An import from the land down under, Swan River daisy (Brachyscome iberidifolia) joins eucalyptus as one of our favorite botanical gifts from Australia.
Though this blooming beauty is available with lavender, pink, or white flowers, it’s the varieties with the striking blue daisy-like flowers that really catch our attention, especially when massed groundcover-style.
While generally classified as an annual, this drought-tolerant, fragrant jewel may function as an herbaceous perennial in Zones 8-10.
Bear in mind, however, that B. iberidifolia doesn’t flower well in very hot weather.
In addition to being used to cover large swaths of a garden bed, many gardeners use this member of the Asteraceae family in borders and in containers.
It grows to a mature height of one to three feet, with a spread of one to one and a half feet.
The foliage of this plant – whose scientific name is sometimes spelled “Brachycome” without the “s” – is many-branched and sports light green, finely divided leaves with long and narrow segments.
Swan River daisy’s one-inch flowers are profuse across the plant. You’ll want to deadhead the spent flowers to promote continued blooming.
Let’s Get Growing
You can propagate from seeds started indoors six to eight weeks before your average last frost date. You can also sow directly in the garden after the last frost date.
Some gardeners like to sow successively every two to four weeks throughout the summer to enhance the bloom period.
Low-maintenance B. iberidifolia isn’t terribly picky about its soil, tolerating poor dirt but thriving in rich soil, as long as the ground is well-drained.
If you choose to grow this blue beauty in a container, you’ll want to feed it weekly with a fertilizer containing 5 percent nitrogen, 10 percent phosphorous, and 5 percent potassium to aid blooming.
We like the 5-10-5 Espoma fertilizer blend, available from Amazon.
For plants in the ground, fertilize at the beginning of the growing season, and then monthly.
This plant isn’t plagued by pests to any large degree, but you will want to keep an eye out for snails and slugs.
- Plant in a full sun location
- Be careful not to overwater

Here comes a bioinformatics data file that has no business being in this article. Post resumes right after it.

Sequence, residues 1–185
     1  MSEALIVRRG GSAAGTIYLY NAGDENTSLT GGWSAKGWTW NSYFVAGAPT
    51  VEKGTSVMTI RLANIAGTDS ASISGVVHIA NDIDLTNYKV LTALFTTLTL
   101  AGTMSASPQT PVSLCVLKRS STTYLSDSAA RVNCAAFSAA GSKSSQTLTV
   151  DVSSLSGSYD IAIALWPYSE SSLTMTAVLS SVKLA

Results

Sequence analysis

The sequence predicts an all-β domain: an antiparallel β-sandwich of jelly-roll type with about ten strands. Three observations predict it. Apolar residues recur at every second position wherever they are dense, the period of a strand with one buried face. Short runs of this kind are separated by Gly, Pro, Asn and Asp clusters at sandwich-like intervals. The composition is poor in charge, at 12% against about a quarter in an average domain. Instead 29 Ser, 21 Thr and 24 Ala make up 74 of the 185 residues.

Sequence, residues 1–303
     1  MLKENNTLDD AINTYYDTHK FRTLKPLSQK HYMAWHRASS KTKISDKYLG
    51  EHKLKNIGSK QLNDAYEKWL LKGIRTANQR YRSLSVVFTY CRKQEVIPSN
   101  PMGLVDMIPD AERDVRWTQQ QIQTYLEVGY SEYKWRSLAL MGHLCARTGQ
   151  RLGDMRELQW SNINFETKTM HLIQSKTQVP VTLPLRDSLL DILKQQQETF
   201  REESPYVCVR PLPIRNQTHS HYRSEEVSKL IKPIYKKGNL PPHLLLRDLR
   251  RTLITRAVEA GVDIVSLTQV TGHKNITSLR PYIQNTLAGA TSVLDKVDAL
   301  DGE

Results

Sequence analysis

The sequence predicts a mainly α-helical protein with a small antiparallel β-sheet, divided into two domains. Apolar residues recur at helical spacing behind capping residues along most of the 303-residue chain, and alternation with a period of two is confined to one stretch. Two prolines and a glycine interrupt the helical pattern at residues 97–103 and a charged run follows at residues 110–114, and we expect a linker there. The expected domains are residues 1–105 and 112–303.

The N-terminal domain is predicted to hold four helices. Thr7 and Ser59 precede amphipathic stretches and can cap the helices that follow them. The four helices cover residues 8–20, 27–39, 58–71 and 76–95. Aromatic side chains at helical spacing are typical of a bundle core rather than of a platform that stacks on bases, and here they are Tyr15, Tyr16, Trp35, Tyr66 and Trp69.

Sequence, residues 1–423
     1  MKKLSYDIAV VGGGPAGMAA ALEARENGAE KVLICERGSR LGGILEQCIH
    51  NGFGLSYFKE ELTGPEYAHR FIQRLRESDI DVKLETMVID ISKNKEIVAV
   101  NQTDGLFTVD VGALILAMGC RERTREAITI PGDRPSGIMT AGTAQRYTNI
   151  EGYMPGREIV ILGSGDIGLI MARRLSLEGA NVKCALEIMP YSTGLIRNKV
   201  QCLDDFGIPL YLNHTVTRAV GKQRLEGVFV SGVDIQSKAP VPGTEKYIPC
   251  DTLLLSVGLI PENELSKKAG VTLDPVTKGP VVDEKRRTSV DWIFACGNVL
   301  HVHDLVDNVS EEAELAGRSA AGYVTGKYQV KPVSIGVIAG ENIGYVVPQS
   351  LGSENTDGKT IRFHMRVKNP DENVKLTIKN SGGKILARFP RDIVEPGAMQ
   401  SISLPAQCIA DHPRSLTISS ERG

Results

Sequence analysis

- Fertilize monthly with 5-10-5 (NPK)
Where to Buy
For a bright punch of purple-blue color, check out these seeds from Seedville, available via Amazon.
This mix of 200 seeds will yield a stunning collection of flowers in shades of purple, blue, violet, and lavender.
If your preferred palette runs more toward pinks and reds, you might like this mix from My Seedy Needs, also available via Amazon.
You’ll get 12 seeds in a packet and you can expect these plants to grow to be about 20 inches tall.
It’s always fun to find a profuse bloomer that offers an explosion of color from the blue end of the color spectrum, and this treat from the Southern Hemisphere delivers.
Try B. iberidifolia as a groundcover, a border plant, or in containers. You will be thrilled by this versatile, attractive, and fragrant annual that’s unquestionably a worthy addition to your landscape.
Have you grown Swan River daisy? Share your experience in the comments section below.
If you’re looking for more blue beauties, check out our article about Jacob’s ladder.
And if daisies are your thing, try then some of these other varieties are worth taking a gander at:
- How to Grow African Daisy (Cape Marigold)
- How to Grow and Care for Painted Daisy
- How to Grow Blackfoot Daisy
© Ask the Experts, LLC. ALL RIGHTS RESERVED. See our TOS for more details. Product photos via Espoma, Seedville, and My Seedy Needs. Uncredited photos: Shutterstock.
About Gretchen Heber
A former garden editor for a daily newspaper in Austin, Texas, Gretchen Heber goes through entirely too many pruners and garden gloves in a year’s time. She’s never met a succulent she didn’t like and gets really irritated every 3-4 years when Austin actually has a freeze cold enough to kill them. To Gretchen, nothing is more rewarding than a quick dash to the garden to pluck herbs to season the evening meal. And it’s definitely time for a happy dance when she’s able to beat the squirrels to the peaches, figs, or loquats.